Business Overview

Prime Cape Cod location with excellent foot traffic and abundant direct access parking. Inviting 2200 sq. ft. dining area with seating for 110, a full-service bar and private function room. Well established loyal year around clientele. Friendly relaxing atmosphere. Award winning restaurant voted best seafood five years running, with top Zagat rating. Featuring locally sourced seafood, shellfish, produce & meats and complimented by an extensive wine list. Favorable long-term lease, and seller will train and assist with transition with sale. Financial data provided is from pre-covid operating year.

Financial

  • Asking Price: $535,000
  • Cash Flow: $251,000
  • Gross Revenue: $1,600,000
  • EBITDA: N/A
  • FF&E: $150,000
  • Inventory: $25,000
  • Inventory Included: N/A
  • Established: 2000

Detailed Information

  • Property Owned or Leased:N/A
  • Property Included:N/A
  • Building Square Footage:2,450
  • Lot Size:N/A
  • Total Number of Employees:30
  • Furniture, Fixtures and Equipment:N/A
About The Facility:

Inviting 2,200 SF ground floor space with 250 SF private function room that seats 20+ in lower level. Classic new England brick walls with vibrant colorful contemporary local art. Cozy and intimate space with a neighborhood bistro feel.

Is Support & Training Included:

Available & Negotiable

Purpose For Selling:

retirement

Pros and Cons:

unique proven concept with loyal following

Opportunities and Growth:

restaurant could benefit from marketing and social media campaign

Additional Info

The venture was established in 2000, making the business 22 years old.
The deal won't include inventory valued at $25,000*, which ins't included in the suggested price.

The company has 30 employees and is located in a building with disclosed square footage of 2,450 sq ft.
The building is leased by the company for $5,800 per Month

Why is the Current Owner Selling The Business?

There are all kinds of reasons why individuals choose to sell companies. Nevertheless, the real reason and the one they say to you might be 2 entirely different things. As an example, they may claim "I have way too many other commitments" or "I am retiring". For numerous sellers, these reasons are valid. But, for some, these might just be excuses to attempt to conceal the reality of changing demographics, increased competition, current reduction in profits, or a range of other factors. This is why it is very important that you not count absolutely on a vendor's word, yet instead, utilize the seller's response combined with your general due diligence. This will repaint a more sensible image of the business's current situation.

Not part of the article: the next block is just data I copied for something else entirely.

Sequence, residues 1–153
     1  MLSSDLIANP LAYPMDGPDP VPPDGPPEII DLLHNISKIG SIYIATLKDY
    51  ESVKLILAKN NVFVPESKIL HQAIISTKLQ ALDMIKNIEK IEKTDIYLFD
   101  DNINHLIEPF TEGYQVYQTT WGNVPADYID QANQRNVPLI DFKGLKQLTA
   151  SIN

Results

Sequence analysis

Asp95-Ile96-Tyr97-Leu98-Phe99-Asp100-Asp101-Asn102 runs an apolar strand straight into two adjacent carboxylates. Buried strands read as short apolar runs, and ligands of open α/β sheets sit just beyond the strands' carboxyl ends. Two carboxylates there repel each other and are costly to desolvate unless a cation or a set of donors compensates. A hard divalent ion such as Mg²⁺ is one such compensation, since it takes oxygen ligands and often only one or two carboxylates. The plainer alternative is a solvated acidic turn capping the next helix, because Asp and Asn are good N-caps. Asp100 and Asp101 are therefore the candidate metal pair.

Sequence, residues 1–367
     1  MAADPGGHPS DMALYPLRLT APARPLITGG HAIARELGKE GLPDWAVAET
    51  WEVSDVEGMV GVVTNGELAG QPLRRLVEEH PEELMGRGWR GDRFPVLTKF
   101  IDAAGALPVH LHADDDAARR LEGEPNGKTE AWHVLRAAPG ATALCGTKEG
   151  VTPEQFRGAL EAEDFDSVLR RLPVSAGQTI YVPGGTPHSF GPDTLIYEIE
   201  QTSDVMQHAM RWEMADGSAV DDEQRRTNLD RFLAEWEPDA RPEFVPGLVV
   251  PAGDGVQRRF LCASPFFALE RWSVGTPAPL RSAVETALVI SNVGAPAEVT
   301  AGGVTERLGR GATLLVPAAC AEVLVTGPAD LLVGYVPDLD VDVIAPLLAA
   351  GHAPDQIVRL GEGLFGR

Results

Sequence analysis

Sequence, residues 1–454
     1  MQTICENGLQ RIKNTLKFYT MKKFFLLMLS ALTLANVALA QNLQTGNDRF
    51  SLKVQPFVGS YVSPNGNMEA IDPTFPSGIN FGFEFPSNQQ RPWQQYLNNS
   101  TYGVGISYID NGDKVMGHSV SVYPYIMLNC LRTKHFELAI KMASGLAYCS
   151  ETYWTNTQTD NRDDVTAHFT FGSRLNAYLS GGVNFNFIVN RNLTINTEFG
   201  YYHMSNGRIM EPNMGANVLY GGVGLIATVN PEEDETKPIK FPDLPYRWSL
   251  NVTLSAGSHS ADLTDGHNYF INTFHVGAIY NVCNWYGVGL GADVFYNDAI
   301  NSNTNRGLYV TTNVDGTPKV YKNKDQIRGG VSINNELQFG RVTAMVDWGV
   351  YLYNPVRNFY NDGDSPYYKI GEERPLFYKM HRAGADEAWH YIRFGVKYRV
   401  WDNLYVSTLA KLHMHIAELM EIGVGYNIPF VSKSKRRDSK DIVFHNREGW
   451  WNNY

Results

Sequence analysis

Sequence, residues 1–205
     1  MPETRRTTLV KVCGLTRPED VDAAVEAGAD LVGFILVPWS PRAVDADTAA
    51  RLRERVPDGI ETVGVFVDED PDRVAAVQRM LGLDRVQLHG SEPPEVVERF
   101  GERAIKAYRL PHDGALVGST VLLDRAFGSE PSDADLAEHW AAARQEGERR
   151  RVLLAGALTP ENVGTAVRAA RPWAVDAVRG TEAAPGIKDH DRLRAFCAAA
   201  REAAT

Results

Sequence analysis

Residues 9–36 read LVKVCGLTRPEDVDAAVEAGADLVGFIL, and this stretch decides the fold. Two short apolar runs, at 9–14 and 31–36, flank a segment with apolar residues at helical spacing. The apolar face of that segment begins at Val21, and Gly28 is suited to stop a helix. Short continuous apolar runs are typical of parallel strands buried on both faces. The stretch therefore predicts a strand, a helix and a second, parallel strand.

Existing Debts and Future Obligations

If the existing entity is in debt, which many businesses are, then you will have reason to consider this when valuating/preparing your offer. Numerous operating businesses borrow money with the purpose of covering things like inventory, payroll, accounts payable, so on and so forth. Bear in mind that occasionally this can imply that revenue margins are too tight. Lots of companies fall into a revolving door of taking loans as a way to pay back various other loans. Along with debts, there may also be future commitments to think about. There might be an outstanding lease on equipment or the structure where the business resides. The business may have existing agreements with vendors that have to be satisfied or might cause fines if terminated early.

Understanding the Customer Base, Competition and Area Demographics

Just how do businesses in the area draw in brand-new consumers? Many times, businesses have repeat clients, which form the core of their day-to-day earnings. Specific variables such as new competition sprouting up around the area, road building, and also personnel turn over can impact repeat consumers and also adversely impact future earnings. One vital point to consider is the location of the business. Is it in an extremely trafficked shopping center, or is it hidden from the highway? Undoubtedly, the more individuals that see the business regularly, the better the chance to develop a returning consumer base. A final thought is the general location demographics. Is the business placed in a densely populated city, or is it situated on the edge of town? Exactly how might the local median house income influence future income potential?